Employees in the Peggy Ryan Williams Center have discovered new neighbors — a pair of red-tailed hawks.
John Confer, scholar-in-residence in the Department of Biology, said the hawks nested on the roof of the north side of the Williams Center in mid-March.
Red-tailed hawks are not a rare species in New York state, but their nesting presence in a human setting is unusual.
Confer said this is the first time he has seen hawks nest on the college’s campus.
“It’s interesting timing that in the 40 years that I’ve been around here, there has never been a red-tailed hawk nest on this campus,” Confer said. “It’s kind of cool.”
According to The Birds of North America Online, a site run by the Cornell lab of Ornithology, red-tailed hawks, known in the science world as Buteo jamaicensis, have a global population of 2 million. Their territorial range is most often open areas laden with patches of trees or things with a similar structure, like the campus buildings.
Tim Hauck, a field biologist and project coordinator for the Department of Biology at the college, said the hawks chose a perfect place to nest, in terms of its approachability by predators.
“It’s really inaccessible to any predator, except for a crow,” Hauck said.
Confer said their ability to stay on the campus to nest is aided by the amounts of shrubbery and low vegetation, where prey, like snakes, squirrels and rabbits hide.
The two hawks have become accepted residents at the Williams Center. Some employees in the offices have already come up with nicknames for them. Hauck said the hawks will probably stay for more than a month, until the four or five eggs protected by “Peggy” hatch and are able to leave the nest. According to The Birds of North America Online, they lay their eggs in mid-March, and after an incubation period of about 28 days, the young stay in the nest for about 44 days.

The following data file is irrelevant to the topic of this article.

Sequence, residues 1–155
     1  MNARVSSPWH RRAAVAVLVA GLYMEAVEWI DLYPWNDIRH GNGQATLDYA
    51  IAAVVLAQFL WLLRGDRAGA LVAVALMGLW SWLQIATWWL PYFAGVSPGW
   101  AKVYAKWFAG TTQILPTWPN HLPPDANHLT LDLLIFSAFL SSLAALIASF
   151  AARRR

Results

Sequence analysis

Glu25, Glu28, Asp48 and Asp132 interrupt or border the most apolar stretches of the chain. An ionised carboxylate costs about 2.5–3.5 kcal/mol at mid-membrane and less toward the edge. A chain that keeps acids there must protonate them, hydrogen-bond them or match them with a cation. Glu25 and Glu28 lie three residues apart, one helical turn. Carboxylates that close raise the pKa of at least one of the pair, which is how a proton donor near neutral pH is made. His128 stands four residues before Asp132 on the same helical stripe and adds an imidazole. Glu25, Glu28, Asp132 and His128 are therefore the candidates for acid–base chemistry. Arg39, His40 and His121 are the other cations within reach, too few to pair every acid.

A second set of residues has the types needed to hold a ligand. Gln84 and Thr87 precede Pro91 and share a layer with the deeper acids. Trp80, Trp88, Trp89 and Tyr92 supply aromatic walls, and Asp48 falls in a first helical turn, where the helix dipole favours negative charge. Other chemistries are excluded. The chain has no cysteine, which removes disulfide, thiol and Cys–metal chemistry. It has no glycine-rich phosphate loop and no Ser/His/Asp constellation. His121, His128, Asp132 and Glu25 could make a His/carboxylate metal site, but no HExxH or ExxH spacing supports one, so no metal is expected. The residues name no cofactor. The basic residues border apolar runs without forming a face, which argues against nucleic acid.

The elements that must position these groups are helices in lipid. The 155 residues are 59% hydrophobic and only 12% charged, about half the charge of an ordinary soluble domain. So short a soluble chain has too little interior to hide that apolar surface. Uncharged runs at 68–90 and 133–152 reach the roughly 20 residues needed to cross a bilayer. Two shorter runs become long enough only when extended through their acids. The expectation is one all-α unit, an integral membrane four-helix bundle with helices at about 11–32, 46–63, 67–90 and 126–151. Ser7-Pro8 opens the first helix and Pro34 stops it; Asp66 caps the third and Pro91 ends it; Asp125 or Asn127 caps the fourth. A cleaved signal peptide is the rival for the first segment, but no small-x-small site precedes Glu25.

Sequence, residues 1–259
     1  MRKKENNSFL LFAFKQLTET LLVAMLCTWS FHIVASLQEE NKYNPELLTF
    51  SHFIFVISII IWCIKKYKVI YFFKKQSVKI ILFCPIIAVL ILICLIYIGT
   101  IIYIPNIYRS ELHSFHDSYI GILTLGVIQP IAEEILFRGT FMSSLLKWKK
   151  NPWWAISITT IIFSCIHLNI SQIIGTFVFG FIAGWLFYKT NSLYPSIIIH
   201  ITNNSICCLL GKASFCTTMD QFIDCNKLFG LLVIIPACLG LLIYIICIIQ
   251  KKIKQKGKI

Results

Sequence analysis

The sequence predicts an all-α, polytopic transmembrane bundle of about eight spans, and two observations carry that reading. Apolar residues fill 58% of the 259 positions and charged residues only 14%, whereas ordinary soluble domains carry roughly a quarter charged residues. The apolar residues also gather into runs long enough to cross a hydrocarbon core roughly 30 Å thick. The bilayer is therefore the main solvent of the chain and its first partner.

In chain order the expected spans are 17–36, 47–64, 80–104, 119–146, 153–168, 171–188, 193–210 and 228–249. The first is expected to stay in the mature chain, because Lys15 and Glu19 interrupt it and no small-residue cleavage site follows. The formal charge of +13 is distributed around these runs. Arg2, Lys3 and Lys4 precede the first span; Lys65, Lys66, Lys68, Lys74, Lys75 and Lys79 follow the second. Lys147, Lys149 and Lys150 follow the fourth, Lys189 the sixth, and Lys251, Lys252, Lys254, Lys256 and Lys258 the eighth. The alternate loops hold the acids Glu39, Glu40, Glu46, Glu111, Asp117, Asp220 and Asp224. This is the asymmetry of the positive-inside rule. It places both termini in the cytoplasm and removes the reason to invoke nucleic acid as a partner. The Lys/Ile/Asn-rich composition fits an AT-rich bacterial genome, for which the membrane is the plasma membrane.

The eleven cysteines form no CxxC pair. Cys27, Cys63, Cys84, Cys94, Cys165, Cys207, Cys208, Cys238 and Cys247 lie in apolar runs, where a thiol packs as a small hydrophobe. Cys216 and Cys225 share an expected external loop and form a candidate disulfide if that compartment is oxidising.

Hauck said he doesn’t foresee the hawks creating problems for the campus community.
“I don’t think the hawks will pose any problems with the people,” he said. “I think they’ve nested there for good reason.”
Emma Hileman, a junior environmental studies major, said having the hawks nest on a campus is a great experience for the college community.
“It is great to have a pair of red-tailed hawks on our campus because it gives the campus community a chance to see some wildlife that they normally wouldn’t get to on our campus,” Hileman said.
Confer said the hawks’ presence is a learning experience.
“The most important thing is trying to find a way that humans […] can allow wildlife to coexist,” he said. “If we can live and do all the things that humans are usually doing and have wildlife around at the same time, that’s a pretty nice balance.”